Designing the visual identity for the Royal College of Art’s annual summer graduate exhibition has in the past been reserved for alumni. This year, for the first time, RCA students from across the College were invited to pitch for the project. Sean Steed, George Dutton and Philip Jay Veech won the commission. The team, students of the MA Visual Communication programme, pitched a design concept aimed at creating an identity representative of the diversity of people and practices at the RCA.
‘In preliminary interviews we found that students didn’t seem to care about the identity design. They didn’t have a connection to the way in which they were being represented and, in many cases, couldn’t even remember what the design from previous years had looked like’, says Philip.
When asked by the team what the design of the identity should do, one student said it should be able to mix up various disciplines in order to start conversations between Schools and Programmes.
The team took this to heart and designed a set of stencils that students across disciplines and Schools could use to design the glyphs ‘2’ and ‘0’ to form ‘2020’. Using these stencils in design workshops, students dreamt up hundreds of variations of ‘2’s and ‘0’s. The outcomes of these workshops formed the basis of the visual identity.
‘For the January Work in Progress (WIP) Show, we wanted to reflect the spirit of what “work in progress” means. We designed banners, vinyl display windows and other marketing collateral using preliminary experiments we did with students from across the College’s three campuses. We also used outlines, as opposed to filling in the numbers, as a nod to the unfinished nature of the show and students’ work on display. This acted as a test and soft release for the final summer show’, explains Sean.
‘Our intention was to run many more workshops after the WIP show to enable more extensive cross-College engagement. However, the pandemic made this impossible. We needed to rethink the concept for a digital environment. That said, our desire to create a visually diverse identity representative of the student body remained at the core of the project elaborates George.
The team’s focus shifted from a collaborative workshop-led design process to a pragmatic approach under the constraints of COVID-19. They now faced an entirely different question: How to design not only a representative visual identity but also a platform to accommodate the work of the entire 2020 RCA cohort?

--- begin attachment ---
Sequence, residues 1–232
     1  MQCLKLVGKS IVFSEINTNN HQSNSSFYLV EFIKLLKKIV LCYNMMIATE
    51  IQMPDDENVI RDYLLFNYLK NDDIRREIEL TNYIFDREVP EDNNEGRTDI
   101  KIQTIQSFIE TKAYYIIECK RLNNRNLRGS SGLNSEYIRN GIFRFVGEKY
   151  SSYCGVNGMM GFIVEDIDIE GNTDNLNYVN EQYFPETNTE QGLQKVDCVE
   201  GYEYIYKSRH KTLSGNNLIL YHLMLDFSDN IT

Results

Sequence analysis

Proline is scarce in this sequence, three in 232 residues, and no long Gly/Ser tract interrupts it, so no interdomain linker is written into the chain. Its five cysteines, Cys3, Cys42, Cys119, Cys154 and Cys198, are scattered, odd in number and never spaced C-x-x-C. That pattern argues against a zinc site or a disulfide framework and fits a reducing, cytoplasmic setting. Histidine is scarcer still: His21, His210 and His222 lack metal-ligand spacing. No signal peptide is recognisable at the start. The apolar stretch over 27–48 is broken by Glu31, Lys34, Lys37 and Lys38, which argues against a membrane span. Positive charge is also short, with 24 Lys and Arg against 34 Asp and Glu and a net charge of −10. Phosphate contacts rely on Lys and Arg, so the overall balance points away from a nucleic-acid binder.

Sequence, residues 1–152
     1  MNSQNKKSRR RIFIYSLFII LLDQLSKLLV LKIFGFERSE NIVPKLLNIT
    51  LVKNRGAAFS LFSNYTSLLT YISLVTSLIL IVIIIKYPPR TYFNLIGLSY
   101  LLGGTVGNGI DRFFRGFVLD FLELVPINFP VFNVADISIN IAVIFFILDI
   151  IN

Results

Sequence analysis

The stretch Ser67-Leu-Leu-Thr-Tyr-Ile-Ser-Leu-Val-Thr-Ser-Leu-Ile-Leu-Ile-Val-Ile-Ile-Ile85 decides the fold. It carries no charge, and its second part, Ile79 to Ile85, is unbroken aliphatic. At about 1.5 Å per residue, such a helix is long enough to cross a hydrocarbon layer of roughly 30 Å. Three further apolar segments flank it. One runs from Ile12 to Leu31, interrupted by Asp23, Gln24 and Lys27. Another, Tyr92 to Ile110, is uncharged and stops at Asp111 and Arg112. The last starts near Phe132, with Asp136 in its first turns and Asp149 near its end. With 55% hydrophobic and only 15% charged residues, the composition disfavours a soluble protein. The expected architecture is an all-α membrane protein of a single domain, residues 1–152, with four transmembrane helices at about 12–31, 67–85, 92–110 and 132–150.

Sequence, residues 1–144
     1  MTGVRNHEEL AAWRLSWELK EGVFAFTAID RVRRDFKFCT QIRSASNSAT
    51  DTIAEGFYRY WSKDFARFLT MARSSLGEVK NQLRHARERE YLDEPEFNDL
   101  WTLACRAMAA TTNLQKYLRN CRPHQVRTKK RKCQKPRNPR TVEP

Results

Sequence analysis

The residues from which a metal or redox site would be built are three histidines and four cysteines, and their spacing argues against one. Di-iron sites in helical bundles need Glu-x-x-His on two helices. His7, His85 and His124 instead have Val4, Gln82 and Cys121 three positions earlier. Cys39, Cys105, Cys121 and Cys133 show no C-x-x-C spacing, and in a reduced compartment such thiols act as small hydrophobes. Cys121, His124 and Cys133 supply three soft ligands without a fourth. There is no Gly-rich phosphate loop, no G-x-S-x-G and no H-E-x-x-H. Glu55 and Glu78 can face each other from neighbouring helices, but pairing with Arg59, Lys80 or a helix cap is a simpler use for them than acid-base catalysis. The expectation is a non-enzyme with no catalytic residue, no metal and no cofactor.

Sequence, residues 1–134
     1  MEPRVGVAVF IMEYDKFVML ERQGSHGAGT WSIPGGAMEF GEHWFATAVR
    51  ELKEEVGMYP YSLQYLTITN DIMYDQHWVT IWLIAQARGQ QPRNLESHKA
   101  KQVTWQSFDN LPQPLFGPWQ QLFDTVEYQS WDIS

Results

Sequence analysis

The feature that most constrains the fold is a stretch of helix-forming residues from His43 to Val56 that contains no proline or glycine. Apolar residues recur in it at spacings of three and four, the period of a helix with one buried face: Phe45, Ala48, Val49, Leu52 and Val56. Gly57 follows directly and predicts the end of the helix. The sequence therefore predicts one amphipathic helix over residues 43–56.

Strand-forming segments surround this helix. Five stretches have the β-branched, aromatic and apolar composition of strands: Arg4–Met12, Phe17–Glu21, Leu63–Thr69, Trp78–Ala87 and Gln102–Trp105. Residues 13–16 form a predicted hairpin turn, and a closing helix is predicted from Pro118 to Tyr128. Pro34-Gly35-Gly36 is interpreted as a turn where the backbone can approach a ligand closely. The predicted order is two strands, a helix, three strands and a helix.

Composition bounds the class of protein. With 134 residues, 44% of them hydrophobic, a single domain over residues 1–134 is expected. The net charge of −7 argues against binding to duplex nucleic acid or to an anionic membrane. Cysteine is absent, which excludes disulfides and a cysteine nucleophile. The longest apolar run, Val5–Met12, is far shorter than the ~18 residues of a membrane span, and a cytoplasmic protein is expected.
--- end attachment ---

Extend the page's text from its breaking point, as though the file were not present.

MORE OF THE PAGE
For the online platform, the team extrapolated from designs that emerged from student workshops, run in February and March. They incorporated elements from different student designs in order to create a typographic language. The final identity reads ‘2020’, with each number taking on a different design, representing each of the College’s four Schools. The team noted that, in designing the user interface of the platform, they wanted to ‘ensure that the students’ work is the main focus of the platform by making sure the site design is complementary to the work, not overbearing.’
‘Although RCA2020 is no longer a physical show they explain ‘we believe it can be seen as an attempt to adapt and respond rapidly to unprecedented circumstances.’
Workshops were informed by eight rules:
01. Draw a two or a zero
02. Stay on the page (draw vertically)
03. Draw outlines (no fill)
04. Aim for expression, not perfection
05. Draw a minimum of four shapes
06. Overlaps are allowed
07. Use both sides of the stencil
08. Use and combine various stencils
Ricky’s academic background in both humanities and design gives her a unique creative edge. It enables her to specialise in research-based projects that use the power of visuals to solve problems, change behaviour, democratise information and communicate big ideas. She has a special interest in health care, social justice and design that makes a difference. Ricky now splits her time between Johannesburg and London working as a freelance designer, researcher and consultant using design orientated solutions to solve ‘real-world’ problems.